39 Seeing red Why does a red snooker ball look red in white light? The snooker ball absorbs all the colours of the spectrum except red.Only red light is reflected into your eye, so the snooker ball appears red.White light is made up of a spectrum of colours.
40 Seeing green Why does a green snooker ball look green in white light? The snooker ball absorbs all the colours of the spectrum except green.Only green light is reflected into your eye, so the snooker ball appears green.
41 Seeing black Why does a black snooker ball look black in white light? The snooker ball absorbs all the colours of the spectrum.No light is reflected into your eye, so the snooker ball appears black.
42 Seeing white Why does a white snooker ball look white in white light? The snooker ball does not absorb any of the colours of the spectrum.The whole spectrum of light is reflected into your eye, so the snooker ball appears white.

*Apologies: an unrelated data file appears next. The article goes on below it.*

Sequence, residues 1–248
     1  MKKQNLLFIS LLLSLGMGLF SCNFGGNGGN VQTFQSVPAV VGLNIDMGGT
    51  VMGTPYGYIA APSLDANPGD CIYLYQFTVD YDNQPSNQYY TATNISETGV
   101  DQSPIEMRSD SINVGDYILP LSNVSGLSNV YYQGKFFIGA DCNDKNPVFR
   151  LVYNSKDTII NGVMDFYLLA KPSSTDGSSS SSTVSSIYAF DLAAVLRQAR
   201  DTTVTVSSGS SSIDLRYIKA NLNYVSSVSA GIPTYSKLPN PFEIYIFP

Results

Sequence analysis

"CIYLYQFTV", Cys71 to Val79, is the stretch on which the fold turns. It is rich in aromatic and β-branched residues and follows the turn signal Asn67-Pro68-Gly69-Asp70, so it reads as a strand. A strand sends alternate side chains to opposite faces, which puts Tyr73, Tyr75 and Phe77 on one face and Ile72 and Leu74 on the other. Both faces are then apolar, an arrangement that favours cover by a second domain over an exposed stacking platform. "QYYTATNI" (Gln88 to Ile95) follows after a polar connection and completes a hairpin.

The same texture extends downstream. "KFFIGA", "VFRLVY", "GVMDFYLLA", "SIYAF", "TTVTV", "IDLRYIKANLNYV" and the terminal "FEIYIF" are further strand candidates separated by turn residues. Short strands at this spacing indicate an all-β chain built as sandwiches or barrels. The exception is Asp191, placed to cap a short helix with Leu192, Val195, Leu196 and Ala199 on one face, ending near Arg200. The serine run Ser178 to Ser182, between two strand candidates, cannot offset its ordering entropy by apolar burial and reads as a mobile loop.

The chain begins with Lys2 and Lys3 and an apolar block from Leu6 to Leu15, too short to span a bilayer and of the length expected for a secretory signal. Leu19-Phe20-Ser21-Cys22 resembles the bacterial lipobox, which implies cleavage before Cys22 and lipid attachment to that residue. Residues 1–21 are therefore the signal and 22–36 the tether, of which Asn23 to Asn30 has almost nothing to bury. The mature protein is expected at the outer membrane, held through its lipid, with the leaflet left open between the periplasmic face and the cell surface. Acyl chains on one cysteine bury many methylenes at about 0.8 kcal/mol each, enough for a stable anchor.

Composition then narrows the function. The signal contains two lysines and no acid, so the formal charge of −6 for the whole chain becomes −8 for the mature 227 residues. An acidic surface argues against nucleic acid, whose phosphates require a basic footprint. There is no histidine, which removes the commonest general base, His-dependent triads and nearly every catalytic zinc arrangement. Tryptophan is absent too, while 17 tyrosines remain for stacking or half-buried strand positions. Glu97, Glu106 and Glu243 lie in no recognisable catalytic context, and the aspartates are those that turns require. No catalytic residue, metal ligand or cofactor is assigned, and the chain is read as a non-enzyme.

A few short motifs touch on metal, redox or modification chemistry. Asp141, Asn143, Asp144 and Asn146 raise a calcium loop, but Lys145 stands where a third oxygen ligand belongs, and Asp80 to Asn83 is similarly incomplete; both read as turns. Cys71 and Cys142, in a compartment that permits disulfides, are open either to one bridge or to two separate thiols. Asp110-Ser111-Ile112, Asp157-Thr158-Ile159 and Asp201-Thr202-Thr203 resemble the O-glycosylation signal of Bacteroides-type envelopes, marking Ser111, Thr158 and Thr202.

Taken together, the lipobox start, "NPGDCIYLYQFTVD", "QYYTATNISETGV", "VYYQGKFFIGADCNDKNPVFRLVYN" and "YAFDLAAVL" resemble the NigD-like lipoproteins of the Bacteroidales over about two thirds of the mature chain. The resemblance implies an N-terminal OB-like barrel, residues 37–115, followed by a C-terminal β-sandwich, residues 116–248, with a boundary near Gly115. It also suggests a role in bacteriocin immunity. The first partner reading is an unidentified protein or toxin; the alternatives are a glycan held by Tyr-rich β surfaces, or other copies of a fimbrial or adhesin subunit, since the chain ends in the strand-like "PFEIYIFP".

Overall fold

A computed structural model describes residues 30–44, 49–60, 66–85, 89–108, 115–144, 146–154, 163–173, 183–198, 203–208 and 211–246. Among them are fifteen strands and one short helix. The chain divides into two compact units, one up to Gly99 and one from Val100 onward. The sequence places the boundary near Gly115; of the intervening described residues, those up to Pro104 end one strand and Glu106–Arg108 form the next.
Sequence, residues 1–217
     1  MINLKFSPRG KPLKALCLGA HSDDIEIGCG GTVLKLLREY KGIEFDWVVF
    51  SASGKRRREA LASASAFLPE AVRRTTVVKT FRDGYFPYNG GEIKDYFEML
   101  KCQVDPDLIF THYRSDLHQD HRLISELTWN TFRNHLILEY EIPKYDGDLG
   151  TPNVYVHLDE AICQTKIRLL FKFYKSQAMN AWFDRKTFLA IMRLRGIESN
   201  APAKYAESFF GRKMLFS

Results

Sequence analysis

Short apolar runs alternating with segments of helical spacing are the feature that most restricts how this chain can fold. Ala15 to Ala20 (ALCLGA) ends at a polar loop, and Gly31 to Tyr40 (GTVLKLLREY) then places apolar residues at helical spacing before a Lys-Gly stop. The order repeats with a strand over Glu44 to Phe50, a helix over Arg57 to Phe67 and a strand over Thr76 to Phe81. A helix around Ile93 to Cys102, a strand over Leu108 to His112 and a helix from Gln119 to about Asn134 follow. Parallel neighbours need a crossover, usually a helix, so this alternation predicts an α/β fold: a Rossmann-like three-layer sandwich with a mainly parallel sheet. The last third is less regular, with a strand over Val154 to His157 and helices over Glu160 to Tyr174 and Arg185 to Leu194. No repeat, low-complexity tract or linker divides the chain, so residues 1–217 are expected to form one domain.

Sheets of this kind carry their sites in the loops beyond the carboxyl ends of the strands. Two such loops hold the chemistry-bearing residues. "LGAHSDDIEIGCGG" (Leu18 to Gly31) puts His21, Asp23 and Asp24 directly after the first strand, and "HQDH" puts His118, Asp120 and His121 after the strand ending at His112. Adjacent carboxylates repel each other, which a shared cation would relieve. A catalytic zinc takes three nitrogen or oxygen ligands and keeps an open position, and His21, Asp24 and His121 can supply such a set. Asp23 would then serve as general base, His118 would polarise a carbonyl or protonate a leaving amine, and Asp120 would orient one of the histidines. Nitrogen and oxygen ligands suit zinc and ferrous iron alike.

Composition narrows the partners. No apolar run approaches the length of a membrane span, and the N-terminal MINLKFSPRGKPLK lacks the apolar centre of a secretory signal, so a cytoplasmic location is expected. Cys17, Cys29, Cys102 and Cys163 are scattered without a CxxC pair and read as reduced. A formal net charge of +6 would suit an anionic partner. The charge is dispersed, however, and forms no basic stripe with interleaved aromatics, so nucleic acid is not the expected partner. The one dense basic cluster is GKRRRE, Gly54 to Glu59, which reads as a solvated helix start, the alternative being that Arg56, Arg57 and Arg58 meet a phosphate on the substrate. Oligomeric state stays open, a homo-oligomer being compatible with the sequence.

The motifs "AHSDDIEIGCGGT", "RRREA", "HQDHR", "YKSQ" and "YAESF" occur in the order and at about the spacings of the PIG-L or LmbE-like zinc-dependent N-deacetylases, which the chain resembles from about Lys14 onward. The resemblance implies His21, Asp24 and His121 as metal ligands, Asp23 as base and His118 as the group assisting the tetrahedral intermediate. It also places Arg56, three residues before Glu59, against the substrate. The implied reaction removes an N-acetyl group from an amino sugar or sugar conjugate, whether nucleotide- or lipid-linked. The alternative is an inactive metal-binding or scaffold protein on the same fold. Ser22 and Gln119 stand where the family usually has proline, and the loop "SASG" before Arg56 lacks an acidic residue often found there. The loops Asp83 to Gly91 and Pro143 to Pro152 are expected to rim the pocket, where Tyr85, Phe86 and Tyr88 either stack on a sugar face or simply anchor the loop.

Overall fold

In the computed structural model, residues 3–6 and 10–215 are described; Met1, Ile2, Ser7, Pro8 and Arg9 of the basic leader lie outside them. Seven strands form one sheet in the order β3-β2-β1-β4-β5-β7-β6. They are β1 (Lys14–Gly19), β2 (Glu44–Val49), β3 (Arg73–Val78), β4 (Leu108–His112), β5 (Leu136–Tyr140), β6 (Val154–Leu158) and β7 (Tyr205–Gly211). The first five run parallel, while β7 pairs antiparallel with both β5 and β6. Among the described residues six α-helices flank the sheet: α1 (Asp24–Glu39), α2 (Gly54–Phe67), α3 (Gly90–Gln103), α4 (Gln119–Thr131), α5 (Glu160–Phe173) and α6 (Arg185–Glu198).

43 Why does a magenta ball look magenta in white light? Seeing magentaWhy does a magenta ball look magenta in white light?The snooker ball absorbs all the colours of the spectrum except red and blue.Red and blue light are reflected into your eye, so the snooker ball appears magenta.
44 Seeing different colours What colours are absorbed by this frog’s skin? What colours are reflected into your eyes?This part of the skin absorbs all the colours of the spectrum except red, and so reflects red light.This part of the skin absorbs all the colours of the spectrum and none are reflected.
45 Seeing different colours What colours are absorbed by this flower?What colours are reflected into your eyes?This part of the flower absorbsall colours except red and green.It reflects red and green light,and so appears yellow.This part of the flower absorbs no colours.It reflects them alland so appears white.
46 Red, blue and green filters A red filter absorbs all colours……apart from red light.A blue filter absorbs all colours……apart from blue light.A green filter absorbs all colours...…apart from green light.
47 Magenta, cyan and yellow filters A magenta filter absorbs all colours……apart from red and blue.A cyan filter absorbs all colours……apart from green and blue.A yellow filter absorbs all colours...…apart from red and green.
48 Using coloured lightIf we look at a coloured object in coloured light we see something different. For example, consider a football kit:Shirt looks redWhite lightShorts look blue
49 In different colours of light this kit would look different: Shirt looks redRed lightShorts look blackShirt looks blackBlue lightShorts look blue